October 07, 2015
2 min read

FDG PET/CT may aid diagnosis of GCA in patients prior to glucocorticoid exposure

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The diagnosis of giant cell arteritis may be aided by the use of fluorodeoxyglucose positron emission tomography/CT in patients who have not been exposed to glucocorticoids, according to recently published research.

Researchers acquired fluorodeoxyglucose (FDG) positron emission tomography (PET)/CT images from 18 patients with giant cell arteritis (GCA) who were scanned between November 2009 and December 2012 in a retrospective study. Patients with GCA were matched for age and sex with 18 patients with elevated C-reactive protein (CRP) to compare with another inflammatory group, with 19 patients with a vascular calcification score on low-dose CT (LDCT) greater than 2 and matched for sex only with 16 patients with no inflammation or vascular calcification on LDCT.

All FDG PET/CT scans were performed on a Siemans Biograph mCT camera system following a standard protocol. Two of the study authors, blinded to patient data, interpreted the images with high interoperator agreement. Three methods and subsets were used: method 1a was visual only, 1b was graded 0 to 4 and compared vascular vs. liver uptake, method 2a used a quantitative standardized uptake value (SUVmax) of the aorta, method 2b used a quantitative SUVmax ratio of the aorta to the liver, method 2c used a quantitative SUVmax ratio of the aorta to the superior caval vein and method 2d used a quantitative SUVmax ratio of the aorta to the inferior caval vein.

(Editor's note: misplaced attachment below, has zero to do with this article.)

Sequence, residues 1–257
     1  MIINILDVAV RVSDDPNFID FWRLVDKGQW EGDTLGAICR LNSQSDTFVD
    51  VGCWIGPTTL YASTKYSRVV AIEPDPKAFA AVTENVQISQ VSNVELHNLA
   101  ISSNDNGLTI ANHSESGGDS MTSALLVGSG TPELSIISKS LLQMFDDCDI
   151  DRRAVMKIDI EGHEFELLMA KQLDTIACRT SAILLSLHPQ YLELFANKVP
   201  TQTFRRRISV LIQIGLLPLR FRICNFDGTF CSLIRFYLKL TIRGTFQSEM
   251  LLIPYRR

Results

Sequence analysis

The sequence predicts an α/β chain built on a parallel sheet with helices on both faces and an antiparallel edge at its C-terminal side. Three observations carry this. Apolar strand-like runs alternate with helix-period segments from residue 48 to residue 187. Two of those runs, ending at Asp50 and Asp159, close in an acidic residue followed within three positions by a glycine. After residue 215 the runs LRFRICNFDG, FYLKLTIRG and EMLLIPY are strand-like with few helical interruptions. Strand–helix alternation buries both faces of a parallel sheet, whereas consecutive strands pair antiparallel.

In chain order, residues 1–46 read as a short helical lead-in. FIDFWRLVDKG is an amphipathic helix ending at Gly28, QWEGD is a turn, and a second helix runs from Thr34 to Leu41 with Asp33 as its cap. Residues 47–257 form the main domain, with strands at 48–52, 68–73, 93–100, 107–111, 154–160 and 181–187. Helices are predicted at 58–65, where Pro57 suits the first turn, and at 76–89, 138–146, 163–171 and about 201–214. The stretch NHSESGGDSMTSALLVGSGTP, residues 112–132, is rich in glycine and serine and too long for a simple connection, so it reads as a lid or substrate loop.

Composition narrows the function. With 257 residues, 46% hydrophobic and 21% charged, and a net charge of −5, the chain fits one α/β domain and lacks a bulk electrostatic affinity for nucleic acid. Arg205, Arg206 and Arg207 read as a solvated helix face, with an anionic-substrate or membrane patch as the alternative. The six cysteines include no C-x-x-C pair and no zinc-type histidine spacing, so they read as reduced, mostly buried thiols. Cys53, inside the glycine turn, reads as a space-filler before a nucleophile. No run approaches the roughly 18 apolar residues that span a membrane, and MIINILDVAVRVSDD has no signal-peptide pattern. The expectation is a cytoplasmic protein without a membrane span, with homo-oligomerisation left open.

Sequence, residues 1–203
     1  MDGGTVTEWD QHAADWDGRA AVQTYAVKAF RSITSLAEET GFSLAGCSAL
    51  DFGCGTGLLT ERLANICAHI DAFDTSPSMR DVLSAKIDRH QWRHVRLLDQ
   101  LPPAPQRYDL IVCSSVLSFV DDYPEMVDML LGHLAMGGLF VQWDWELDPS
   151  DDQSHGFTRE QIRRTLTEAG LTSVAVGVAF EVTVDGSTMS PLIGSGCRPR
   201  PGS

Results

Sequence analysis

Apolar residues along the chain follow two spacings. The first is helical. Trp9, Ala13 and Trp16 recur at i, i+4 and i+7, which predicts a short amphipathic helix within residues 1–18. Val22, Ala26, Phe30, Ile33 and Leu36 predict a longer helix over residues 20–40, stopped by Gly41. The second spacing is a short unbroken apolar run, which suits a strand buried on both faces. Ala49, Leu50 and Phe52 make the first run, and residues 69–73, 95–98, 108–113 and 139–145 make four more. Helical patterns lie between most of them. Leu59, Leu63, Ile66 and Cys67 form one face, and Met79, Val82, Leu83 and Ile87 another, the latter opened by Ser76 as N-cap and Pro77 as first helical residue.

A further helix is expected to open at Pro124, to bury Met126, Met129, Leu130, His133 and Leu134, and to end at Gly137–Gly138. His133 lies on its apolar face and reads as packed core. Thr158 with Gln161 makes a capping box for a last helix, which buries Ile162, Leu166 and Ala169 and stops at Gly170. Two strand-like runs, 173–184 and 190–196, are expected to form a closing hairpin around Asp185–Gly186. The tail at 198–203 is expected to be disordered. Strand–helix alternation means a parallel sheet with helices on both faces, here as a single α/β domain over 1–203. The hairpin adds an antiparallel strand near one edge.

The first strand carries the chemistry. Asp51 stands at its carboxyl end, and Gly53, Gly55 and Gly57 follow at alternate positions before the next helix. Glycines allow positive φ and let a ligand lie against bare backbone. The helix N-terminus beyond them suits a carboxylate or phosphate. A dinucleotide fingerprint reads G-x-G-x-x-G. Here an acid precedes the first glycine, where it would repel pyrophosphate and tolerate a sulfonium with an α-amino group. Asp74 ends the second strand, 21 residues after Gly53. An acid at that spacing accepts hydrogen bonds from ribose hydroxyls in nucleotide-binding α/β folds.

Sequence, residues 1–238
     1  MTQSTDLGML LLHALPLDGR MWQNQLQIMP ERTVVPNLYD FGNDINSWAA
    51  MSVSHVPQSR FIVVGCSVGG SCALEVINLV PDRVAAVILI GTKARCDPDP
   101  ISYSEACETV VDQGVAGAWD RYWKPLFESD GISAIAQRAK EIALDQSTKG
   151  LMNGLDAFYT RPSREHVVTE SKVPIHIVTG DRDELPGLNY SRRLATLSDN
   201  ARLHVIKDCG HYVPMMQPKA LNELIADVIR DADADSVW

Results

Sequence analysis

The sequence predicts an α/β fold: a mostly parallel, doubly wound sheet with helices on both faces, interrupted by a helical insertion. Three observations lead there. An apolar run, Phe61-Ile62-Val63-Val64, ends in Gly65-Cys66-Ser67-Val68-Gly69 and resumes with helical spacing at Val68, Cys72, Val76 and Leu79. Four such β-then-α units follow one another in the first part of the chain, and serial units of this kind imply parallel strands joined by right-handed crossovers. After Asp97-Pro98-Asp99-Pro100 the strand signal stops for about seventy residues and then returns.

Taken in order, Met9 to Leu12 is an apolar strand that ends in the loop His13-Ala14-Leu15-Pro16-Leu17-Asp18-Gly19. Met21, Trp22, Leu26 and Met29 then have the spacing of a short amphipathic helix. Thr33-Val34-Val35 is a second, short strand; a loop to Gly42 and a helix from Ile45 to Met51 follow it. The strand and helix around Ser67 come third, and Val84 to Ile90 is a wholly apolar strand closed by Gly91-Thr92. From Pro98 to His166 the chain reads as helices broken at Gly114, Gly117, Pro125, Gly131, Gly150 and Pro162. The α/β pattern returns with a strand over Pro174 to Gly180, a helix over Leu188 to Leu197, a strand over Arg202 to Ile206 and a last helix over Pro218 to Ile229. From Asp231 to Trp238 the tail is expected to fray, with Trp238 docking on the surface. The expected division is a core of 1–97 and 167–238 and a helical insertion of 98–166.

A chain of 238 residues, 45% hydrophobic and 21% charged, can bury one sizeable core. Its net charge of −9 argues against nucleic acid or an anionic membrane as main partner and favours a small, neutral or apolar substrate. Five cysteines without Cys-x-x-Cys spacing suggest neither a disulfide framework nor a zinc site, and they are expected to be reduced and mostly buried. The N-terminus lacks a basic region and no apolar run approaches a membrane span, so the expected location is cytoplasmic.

Significantly higher uptake in the vascular region of patients with GCA was observed compared to patients in the control groups. Uptake between patients in the three control groups did not vary significantly.

The sensitivity of method 1a, based on expert opinion, had 56% sensitivity and 98% specificity. When patients who received glucocorticoids were excluded, sensitivity increased to 75%. Method 1b yielded the highest diagnostic accuracy when the definition of a positive scan included the presence of an arterial structure with higher visual uptake than the liver. The sensitivity was 83%, specificity was 91% and exclusion of patients who received glucocorticoids resulted in a sensitivity increase to 92%. When a positive judgement was made in the presence of a vascular FDG uptake similar to the liver, the sensitivity was 100% while specificity was decreased to 51%.

“Based on our results, a visual grading method with an arterial FDG uptake higher than the liver FDG uptake has the highest diagnostic accuracy for GCA,” the researchers wrote. “It is also important to score the pattern of FDG uptake (focal vs. diffuse) and to correct for the presence of atherosclerosis.” – by Shirley Pulawski

Disclosure: The researchers report no relevant financial disclosures.